The second part focuses on the history of energy and the present of energy transition projects. This involves an analysis of the extractive techniques used for the operation of the industry, the transformation of the territory, and the creation of social and scientific alternatives that modify our way of understanding the world in which we live in order to act in a more sustainable path towards all living and non-living beings.
The Empirical Re-Aesthetics
Josep Maria Gatnau
The «Empirical Re-Aesthetics» is a project targeting the scientific validation of a primarily artistic and poetic project, which proposes the return to a primordial Aesthetics. This would mean a comeback to the senses, in accordance with the original meaning of «aesthesis» in Greek. Firstly only in the imagination, giving the chance to rethink the question of the thermal sensation, either because of the inevitable global warming (in the longer term), or because of the eventual energy crisis in Europe during the 2022 winter. Re-Aesthetics could imply a return to a real infernal aesthetics, either by an excess of heat or cold. The «Empirical Re-Aesthetics» aims to explore the body limits of temperature, the subjectivity of the optimal comfort points, and the limits that the society is willing to tolerate… either by imminent and inevitable necessity, or by environmental consciousness. An exploration which is intended to reach deeper and deeper layers of reality, from the original «poiesis» of words and neologisms to scientific validation, empirical-social validation, and at the end, to [even] political implementation.»
Pain in the West: Access Rider for a landscape
María Morata Marco & Lorenzo Galgó
Our proposal explores illness and disability as tools from which to make a critical reading of the anthropocene, ecological policies and energy flows, establishing a relationship between bodies and diseased landscapes. We are interested in dark and minimal ecologies, those of waste, plague, exploitation, dried-up reservoirs, those that include the dimension of pain. How could an energetic system be articulated from the capacity of the body and the crippled landscape? In these landscapes echoes the rumors of rescues and therapies, of violent cures, of authoritarian interventions legitimized by the ecologies of reinsertion. How to live with and accompany sick, violated, tamed, exhausted landscapes? We will explore the possibilities and overflows of the "access rider" (a mediating document between people with disabilities / chronic health conditions and institutions) as a tool to approach the needs of thinking a landscape from our sick bodies. To feel and resonate with the other, assuming the contradiction and the walls-limits of our unappealable human voice.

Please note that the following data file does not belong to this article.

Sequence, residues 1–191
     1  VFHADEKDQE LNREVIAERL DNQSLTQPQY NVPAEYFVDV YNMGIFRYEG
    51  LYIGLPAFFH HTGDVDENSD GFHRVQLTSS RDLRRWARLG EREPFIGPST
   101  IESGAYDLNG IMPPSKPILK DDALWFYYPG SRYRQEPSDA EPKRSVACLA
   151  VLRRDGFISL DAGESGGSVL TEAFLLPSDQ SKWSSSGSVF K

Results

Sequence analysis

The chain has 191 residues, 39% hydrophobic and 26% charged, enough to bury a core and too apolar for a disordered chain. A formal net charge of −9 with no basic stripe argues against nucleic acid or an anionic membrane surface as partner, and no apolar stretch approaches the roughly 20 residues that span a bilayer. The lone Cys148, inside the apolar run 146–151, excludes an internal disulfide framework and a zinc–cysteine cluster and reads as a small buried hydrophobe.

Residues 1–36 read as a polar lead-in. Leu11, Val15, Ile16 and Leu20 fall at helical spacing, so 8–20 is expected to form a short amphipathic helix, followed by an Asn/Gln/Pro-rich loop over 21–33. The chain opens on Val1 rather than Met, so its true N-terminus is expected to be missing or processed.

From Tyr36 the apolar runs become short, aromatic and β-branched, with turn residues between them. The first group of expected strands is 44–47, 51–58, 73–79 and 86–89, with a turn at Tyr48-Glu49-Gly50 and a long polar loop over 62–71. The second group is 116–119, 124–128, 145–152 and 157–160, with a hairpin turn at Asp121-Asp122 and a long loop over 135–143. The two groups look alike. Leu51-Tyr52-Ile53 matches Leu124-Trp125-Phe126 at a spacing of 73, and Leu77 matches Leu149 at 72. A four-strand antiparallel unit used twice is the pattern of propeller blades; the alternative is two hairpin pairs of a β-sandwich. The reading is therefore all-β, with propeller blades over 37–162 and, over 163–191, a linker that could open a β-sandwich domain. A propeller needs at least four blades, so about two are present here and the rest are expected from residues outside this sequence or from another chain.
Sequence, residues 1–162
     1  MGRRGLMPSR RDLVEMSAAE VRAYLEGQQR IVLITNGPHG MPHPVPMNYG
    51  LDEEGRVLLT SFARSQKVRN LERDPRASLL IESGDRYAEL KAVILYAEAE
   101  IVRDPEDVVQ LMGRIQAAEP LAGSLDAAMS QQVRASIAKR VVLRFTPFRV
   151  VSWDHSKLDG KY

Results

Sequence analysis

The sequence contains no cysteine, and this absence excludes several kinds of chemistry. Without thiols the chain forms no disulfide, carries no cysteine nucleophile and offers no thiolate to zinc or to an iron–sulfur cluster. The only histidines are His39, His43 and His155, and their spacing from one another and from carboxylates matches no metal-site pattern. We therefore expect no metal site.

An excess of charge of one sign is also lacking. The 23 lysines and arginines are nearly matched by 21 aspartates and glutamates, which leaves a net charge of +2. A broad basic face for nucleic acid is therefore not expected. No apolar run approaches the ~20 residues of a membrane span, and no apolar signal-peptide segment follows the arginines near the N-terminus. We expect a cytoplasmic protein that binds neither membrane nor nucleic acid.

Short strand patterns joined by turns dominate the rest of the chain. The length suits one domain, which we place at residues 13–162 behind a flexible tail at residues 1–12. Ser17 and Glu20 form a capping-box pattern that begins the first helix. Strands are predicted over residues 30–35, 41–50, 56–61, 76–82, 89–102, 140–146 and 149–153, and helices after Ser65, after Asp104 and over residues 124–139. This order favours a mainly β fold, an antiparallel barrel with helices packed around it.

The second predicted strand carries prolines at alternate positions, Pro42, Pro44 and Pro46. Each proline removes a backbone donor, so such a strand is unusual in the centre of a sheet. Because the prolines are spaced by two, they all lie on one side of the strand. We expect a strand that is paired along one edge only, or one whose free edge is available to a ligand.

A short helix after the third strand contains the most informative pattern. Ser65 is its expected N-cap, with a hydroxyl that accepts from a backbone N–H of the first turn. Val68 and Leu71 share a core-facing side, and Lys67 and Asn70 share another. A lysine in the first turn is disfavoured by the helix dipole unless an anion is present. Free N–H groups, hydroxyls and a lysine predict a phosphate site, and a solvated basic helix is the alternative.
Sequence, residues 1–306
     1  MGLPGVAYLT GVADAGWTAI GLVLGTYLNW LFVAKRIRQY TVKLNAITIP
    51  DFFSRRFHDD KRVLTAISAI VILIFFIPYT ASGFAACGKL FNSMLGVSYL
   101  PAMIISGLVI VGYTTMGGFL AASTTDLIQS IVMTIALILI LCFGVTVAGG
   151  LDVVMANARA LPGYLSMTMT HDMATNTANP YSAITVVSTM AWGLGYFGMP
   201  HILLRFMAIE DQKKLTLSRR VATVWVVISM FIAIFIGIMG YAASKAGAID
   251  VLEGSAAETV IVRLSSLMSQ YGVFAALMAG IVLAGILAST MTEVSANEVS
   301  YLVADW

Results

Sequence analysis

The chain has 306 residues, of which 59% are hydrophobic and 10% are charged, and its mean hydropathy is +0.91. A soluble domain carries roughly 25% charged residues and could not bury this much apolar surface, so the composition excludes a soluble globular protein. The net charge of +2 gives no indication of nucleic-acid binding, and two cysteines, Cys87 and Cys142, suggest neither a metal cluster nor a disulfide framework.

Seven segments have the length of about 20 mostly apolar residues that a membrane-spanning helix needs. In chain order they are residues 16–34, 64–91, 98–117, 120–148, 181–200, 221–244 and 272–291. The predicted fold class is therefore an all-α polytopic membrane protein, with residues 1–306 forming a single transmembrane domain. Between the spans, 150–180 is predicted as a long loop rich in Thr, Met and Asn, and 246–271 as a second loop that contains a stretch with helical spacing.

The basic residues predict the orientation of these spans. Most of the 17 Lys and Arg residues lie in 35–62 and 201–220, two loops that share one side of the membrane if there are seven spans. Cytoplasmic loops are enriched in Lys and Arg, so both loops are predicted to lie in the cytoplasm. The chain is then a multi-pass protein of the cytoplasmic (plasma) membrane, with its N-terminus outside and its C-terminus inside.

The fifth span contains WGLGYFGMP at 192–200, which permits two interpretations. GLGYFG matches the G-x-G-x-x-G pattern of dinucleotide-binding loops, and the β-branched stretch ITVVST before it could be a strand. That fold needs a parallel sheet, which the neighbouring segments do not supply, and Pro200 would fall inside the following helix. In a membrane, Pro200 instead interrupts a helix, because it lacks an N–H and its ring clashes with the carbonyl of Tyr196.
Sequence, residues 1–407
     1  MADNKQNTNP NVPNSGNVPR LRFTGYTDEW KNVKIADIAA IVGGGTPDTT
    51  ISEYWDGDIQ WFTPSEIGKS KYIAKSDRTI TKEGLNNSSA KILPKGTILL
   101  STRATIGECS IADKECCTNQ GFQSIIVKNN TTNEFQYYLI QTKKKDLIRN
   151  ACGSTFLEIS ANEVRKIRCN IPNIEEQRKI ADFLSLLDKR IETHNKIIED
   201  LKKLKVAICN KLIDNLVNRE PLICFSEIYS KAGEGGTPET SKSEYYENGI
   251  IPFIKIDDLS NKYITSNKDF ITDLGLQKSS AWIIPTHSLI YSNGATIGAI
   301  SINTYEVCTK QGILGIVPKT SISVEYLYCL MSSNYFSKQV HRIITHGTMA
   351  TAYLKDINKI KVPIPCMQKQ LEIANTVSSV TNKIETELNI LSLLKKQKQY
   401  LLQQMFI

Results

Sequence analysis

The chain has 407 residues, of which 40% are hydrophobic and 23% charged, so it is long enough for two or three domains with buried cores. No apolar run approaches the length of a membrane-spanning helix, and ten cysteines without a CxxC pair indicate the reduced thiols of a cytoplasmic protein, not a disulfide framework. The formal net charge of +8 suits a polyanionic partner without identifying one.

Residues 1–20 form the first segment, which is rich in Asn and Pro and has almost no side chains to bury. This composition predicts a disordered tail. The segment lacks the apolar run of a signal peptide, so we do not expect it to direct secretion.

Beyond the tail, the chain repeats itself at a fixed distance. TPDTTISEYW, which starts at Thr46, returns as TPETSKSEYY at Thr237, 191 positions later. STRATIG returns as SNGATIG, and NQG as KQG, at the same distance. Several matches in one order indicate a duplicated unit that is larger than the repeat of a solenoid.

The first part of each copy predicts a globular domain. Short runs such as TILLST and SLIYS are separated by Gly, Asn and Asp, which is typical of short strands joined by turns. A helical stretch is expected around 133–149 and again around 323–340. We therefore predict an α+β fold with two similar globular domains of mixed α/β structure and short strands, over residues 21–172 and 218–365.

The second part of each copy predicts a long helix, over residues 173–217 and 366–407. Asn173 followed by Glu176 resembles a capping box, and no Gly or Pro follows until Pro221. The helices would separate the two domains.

All our best machines are made of sunshine
All our best machines are made of sunshine explores the geopolitics of rare earth minerals through physical computing, metal detecting and myth-making.
Through a series of participatory workshops & group activities the project aims to reconfigure attitudes towards technology and rare earth minerals through collective acts of material and spiritual experimentation.
The project navigates various land based cultural practices that proliferate myths and folklore around stones, mining and mineral extraction to transcend material driven resource economics and propose alternative ontological relations between humans, earth & technology in the ‘clean’ energy transition.
Sun as a new currency
Starting in 2023, the global energy crisis leads to households becoming solely responsible for their own energy production and consumption. Solar power became the most popular form of sustainable energy, but not everyone could afford or maintain solar panels. This led to the rise of solar thieves, spies, and security guards. At the same time, solar power became part of a new religion, with new ethics and punishments for those who stole solar panels. The global economy flipped, with developing countries in the global south becoming rich from renting out 'fertile' solar land. Some countries are planning to colonize the land where the sun is harvested, in order to monopolize the market.
More information about this project at the Community
If you want to participate as a collaborator, check the term and conditions document and complete the registration form.